NetWellness is a global, community service providing quality, unbiased health information from our partner university faculty. NetWellness is commercial-free and does not accept advertising.
Sunday, September 21, 2014
Is Sedation Required For Hand Surgery?
I have had several surgical procedures on my left hand and elbow using a Bier Block, which was an awesome technique, first at one hospital with just the block (lidocaine) then at another hospital where they insisted on "conscious sedation" in addition to the Bier Block, which I declined because of a previous negative experience (I found it creepy, significant memory loss with midazolam and with propofol, and it made the surgical experience quite intolerable, which I guess was the opposite effect that anesthesia wanted to achieve)... I`m not trying to dictate my care, but I think that I have a better idea as to what has worked in the past and what does not. Conscious sedation is certianly a bad idea for me; the surgeon does not care. I met with the anesthesia provider (a nurse and about 30 seconds with the MD) and they told me that sedation was "required".... Any ideas as to how to proceed? Its impossible for the anesthesia nurse to take a meaningful history minutes before surgery, and nobody from anesthesia is available for consultation beforehand. This is a university hospital where I teach. Thanks.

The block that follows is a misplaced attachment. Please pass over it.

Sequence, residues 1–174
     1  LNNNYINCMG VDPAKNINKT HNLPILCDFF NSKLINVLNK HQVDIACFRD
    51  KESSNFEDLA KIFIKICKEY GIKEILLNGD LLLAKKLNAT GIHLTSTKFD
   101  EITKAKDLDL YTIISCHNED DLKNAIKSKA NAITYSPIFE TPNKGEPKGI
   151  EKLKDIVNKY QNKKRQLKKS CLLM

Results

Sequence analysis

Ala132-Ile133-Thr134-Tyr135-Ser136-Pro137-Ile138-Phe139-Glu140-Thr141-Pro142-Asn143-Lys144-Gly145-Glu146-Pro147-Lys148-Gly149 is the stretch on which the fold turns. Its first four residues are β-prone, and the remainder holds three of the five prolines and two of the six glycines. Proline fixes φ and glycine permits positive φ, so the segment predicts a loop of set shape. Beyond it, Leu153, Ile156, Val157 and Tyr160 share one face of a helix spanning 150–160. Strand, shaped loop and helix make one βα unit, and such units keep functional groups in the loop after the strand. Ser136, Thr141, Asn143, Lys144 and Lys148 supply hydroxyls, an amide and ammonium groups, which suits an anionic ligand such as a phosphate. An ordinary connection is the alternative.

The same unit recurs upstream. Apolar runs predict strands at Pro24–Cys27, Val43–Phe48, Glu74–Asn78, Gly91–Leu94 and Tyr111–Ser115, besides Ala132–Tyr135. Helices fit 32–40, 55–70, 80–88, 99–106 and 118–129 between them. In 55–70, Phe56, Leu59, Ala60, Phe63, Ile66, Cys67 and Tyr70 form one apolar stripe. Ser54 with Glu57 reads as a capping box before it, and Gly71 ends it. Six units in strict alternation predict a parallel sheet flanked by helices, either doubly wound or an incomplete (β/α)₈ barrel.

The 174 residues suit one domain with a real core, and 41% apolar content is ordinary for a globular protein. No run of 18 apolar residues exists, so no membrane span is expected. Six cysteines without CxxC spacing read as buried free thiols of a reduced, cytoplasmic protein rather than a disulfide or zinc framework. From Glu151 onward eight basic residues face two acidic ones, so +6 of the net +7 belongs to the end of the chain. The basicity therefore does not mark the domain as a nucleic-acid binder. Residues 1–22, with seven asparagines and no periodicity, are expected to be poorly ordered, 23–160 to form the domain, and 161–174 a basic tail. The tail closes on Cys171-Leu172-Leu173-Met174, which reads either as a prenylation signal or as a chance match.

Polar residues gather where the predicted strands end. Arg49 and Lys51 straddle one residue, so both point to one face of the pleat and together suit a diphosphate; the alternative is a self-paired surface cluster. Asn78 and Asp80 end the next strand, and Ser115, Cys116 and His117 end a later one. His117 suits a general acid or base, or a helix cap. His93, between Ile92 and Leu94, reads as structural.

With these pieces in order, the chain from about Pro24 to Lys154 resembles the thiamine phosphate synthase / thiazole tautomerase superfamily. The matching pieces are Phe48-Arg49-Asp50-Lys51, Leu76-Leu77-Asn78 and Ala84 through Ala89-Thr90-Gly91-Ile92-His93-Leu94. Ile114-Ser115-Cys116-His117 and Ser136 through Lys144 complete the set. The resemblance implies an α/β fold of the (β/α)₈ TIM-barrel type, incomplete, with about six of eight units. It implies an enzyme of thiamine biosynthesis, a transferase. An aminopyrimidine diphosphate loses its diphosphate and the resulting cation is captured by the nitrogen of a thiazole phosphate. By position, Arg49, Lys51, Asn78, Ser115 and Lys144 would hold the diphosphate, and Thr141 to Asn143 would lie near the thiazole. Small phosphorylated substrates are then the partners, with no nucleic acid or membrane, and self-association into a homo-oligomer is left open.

I sympathise with your view. As a general rule I can see no reason why a Bier block alone (no sedation) would not suffice for upper extremity surgery below the elbow.
However we cannot diagnose or recommend treatment for individuals, and decision-making requires familiarity with your history, physical exam and test results.
I would suggest that you speak with your surgeon about your wishes and ask that he or she facilitate a discussion with the head of the anesthesia division or group. As you indicated, most surgeons do not have a preference either way, however most surgeons would like the reasonable wishes of their patients to be respected by the anesthesia practitioners with whom they work.
Gareth S Kantor, MD
Assistant Professor of Anesthesiology
School of Medicine
Case Western Reserve University